A combination of some of the below (inspired by some answers above)
I'm not sure how exactly your FTL travel works, but if you can produce wormholes for amounts of time long enough to get a spaceship through, you should also be able to use them for data packets, in various ways.
What I don't know is how hard it is to make those wormholes, and whether you can only produce them in certain places, or if you could have a machine in your basement producing small holes of the size of your fingernails, at a rate of one per minute. So depending on how hard this is (or how hard you want it to be), you could combine the methods below in different ways:
For very large amounts of data (and permitting significant latency)
You write the data on some physical storage (flash chip, optical disc, future holographic 3D crystal matrix thing...), open a wormhole and hand/shoot/drop the medium through. It is then caught/received on the other end and read.
Depending on the achievable size/frequency for wormhole creation, and of course the number of communication partners for one node, the process could be highly automated, with several storage media popping into and out of multiple tiny wormholes multiple times per second -- or maybe there's something about those wormholes that makes them a lot harder to create on the surface of a planet, and it requires a huge installation, and regular choices about which request for data transfer should be prioritized.
For smaller amounts of data, and much less latency
These days, wireless communication can be done via lasers (usually not in the visible spectrum, though): Effectively radio waves but coherent and directed, in order to focus the power needed to send and receive for a given signal quality.
With a well-built communications laser/receiver, you would only need a millimeter-sized (or smaller) wormhole to start transmitting. During transmission phase, network speeds could be significantly higher than wired networks on Earth these days (extremely short distance, huge possible signal intensity, using shorter wavelengths than visible light). However, you can't always be transmitting since your wormholes collapse so quickly, and the higher the wormhole creation frequency, the smaller the holes, and the lower the throughput. So realtime communications could be possible, but would achieve fairly low data rates (or be very expensive).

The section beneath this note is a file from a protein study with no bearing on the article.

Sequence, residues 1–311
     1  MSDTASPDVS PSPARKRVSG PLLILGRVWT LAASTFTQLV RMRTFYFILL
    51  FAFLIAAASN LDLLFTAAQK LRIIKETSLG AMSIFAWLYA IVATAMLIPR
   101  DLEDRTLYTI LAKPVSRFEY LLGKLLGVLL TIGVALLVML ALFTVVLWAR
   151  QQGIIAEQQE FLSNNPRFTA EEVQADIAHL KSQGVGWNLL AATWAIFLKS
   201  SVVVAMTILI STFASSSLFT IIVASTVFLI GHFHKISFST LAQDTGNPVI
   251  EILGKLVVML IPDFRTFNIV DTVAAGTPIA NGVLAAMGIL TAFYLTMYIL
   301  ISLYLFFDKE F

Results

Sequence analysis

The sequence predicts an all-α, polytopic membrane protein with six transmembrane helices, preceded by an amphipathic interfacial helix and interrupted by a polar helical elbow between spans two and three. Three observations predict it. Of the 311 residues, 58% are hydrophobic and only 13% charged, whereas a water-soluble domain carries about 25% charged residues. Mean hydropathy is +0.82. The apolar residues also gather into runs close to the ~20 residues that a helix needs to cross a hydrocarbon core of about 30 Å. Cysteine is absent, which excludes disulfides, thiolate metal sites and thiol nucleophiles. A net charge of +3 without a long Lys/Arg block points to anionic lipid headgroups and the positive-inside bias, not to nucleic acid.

In a scenario where communications are more limited, you might also decide that creating wormholes on planets is pretty unfeasible/expensive, or has other negative consequences (radiation?), and therefore they could only be created in space, possibly at some safe distance to the machine what creates them. In that case, sending data from one planet to another might involve having a small wormhole created by a machine somewhere in orbit, and firing a communications laser through it (probably also mounted to the same machine, which receives requests for data transfers from the planet surface). This would mean no actual real-time communications unless you can pay for one of those machines to make tens of wormholes per second (to the same destination) and guarantee that your data packets will be prioritized.
Moving larger amounts of data via physical media would then also be harder because having some satellite to shoot the storage through wormholes, and catch/process what's coming back is way more involved than having them drop into some receptacle in your basement.